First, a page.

Sheltowee Trace National Recreation Trail
In the Daniel Boone National Forest, the Sheltowee Trace is considered the “backbone” of an expansive interconnecting trail system. Many other trails link to the Sheltowee Trace. Some trail connections provide loops for a short day hike, while others offer opportunities for multiple days of recreational challenge.
Come and explore nature along the Sheltowee Trace National Recreation Trail. This trail traverses nearly 290 miles across narrow ridges and deep ravines. The trail is open year round, so you can enjoy outdoor adventure in every season.
From north to south, the trail travels from the Knobs region to the Cumberland Plateau in southern and eastern Kentucky. Old homesteads, oil and gas wells and logging tracts can be seen along the trail, representing the remnants of past land uses that have occurred over time.
In 1979, the Sheltowee Trace was officially dedicated as part of the Daniel Boone National Forest trail system. The trail is named in honor of Daniel Boone. Sheltowee (pronounced shel-toe-ee) is the name given to Boone by Chief Blackfish of the Shawnee tribe, meaning “Big Turtle.”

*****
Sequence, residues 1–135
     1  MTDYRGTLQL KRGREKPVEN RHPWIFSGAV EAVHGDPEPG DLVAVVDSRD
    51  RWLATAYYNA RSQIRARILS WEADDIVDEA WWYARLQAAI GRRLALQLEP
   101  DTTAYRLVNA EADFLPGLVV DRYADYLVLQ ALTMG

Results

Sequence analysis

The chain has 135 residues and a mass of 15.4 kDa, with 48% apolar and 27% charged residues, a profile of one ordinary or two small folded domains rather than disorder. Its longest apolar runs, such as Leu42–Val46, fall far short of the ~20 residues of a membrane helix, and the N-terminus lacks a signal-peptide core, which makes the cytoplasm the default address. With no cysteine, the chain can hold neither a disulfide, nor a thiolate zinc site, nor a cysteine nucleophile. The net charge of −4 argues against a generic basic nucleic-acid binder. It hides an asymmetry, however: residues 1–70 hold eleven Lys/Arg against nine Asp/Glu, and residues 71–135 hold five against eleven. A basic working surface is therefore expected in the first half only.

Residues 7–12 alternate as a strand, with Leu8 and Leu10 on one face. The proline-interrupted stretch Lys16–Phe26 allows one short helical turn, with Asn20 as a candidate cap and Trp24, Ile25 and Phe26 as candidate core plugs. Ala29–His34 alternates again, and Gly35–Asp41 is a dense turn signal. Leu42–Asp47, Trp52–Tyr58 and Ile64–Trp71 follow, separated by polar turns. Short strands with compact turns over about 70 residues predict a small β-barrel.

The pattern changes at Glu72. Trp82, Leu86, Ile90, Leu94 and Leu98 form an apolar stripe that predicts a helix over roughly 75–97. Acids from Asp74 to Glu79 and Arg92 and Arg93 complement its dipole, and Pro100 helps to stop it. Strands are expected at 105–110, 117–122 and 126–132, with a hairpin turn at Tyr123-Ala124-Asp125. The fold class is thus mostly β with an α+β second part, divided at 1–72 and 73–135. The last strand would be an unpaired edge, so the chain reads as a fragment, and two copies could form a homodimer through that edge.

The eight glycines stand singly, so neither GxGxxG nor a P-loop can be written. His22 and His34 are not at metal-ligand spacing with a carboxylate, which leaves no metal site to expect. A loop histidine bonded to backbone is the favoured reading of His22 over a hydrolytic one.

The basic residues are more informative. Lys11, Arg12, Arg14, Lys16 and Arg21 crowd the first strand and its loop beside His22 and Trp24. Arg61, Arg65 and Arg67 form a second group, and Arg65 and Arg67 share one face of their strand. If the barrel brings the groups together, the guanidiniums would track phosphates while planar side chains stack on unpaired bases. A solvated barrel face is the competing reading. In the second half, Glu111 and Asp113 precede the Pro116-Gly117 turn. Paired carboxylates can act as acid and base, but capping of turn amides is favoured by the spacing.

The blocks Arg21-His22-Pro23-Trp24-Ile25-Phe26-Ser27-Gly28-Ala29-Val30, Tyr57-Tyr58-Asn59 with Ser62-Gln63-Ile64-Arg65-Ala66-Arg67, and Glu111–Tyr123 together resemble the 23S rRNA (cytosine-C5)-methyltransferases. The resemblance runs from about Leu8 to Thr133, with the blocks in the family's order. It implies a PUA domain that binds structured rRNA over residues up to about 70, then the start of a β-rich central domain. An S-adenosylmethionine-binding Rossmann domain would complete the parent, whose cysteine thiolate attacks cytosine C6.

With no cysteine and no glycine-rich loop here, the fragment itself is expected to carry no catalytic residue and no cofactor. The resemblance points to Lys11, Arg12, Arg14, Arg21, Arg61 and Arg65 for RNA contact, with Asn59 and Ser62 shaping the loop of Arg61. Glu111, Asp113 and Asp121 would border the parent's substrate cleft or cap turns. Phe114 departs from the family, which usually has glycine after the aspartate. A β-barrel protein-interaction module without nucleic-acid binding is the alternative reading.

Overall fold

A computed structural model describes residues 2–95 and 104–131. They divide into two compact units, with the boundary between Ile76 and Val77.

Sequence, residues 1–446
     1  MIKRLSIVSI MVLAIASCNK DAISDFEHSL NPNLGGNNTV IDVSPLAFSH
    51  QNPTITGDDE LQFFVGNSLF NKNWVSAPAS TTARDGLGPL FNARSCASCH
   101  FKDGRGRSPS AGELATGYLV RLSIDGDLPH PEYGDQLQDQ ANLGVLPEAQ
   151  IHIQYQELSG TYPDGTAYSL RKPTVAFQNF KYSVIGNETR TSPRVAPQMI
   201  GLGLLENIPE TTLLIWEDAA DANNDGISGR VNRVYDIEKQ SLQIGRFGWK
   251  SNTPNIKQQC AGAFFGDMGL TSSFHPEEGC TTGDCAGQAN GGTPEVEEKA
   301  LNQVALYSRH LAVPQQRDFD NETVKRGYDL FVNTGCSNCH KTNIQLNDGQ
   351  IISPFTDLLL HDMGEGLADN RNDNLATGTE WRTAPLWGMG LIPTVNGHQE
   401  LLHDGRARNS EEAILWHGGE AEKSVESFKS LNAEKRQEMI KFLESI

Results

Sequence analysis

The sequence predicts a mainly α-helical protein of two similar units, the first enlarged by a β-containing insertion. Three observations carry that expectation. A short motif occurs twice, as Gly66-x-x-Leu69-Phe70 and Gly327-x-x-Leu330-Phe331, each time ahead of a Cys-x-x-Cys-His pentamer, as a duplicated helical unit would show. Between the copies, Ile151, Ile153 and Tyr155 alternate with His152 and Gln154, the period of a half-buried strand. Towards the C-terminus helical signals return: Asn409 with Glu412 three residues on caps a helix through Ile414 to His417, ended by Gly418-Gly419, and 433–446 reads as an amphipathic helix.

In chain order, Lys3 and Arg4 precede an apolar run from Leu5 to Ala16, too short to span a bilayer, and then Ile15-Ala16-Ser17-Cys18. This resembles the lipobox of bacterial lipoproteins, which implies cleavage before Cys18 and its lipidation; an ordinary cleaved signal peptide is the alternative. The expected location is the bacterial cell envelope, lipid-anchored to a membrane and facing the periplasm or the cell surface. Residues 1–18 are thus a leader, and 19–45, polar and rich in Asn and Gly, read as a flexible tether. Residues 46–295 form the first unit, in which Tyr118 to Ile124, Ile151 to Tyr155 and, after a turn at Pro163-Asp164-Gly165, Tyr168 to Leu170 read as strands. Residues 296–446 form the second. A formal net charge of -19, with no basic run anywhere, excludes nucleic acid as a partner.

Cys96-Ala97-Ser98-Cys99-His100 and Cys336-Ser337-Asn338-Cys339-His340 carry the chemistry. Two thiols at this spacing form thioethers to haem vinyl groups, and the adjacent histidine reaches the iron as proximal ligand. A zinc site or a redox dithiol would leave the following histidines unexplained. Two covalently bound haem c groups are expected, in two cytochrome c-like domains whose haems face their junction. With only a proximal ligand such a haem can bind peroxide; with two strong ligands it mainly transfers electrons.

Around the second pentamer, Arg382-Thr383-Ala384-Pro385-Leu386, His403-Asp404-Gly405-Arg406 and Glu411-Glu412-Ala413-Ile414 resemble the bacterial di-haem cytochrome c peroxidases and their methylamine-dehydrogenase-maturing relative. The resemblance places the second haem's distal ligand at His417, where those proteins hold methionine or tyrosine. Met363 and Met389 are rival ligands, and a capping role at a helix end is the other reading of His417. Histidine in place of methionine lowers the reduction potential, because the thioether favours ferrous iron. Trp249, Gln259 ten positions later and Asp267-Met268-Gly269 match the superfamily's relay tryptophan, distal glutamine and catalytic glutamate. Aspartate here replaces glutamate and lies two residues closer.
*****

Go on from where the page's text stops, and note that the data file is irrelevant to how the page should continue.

White diamonds bearing the image of a turtle mark the trail route. Trail junctions may also be marked with the national recreation trail symbol as shown on the map.
Hiking is allowed on the entire trail. The terrain is mostly rugged, so be prepared for strenuous travel in some areas. Horses, mountain bikes and off-highway vehicles less than 50 inches wide are permitted, but only on sections designated for those uses. Trail signs will indicate use permitted. You can customize the length and difficulty level of your trip by incorporating recreation areas and using trailhead parking lots along the route.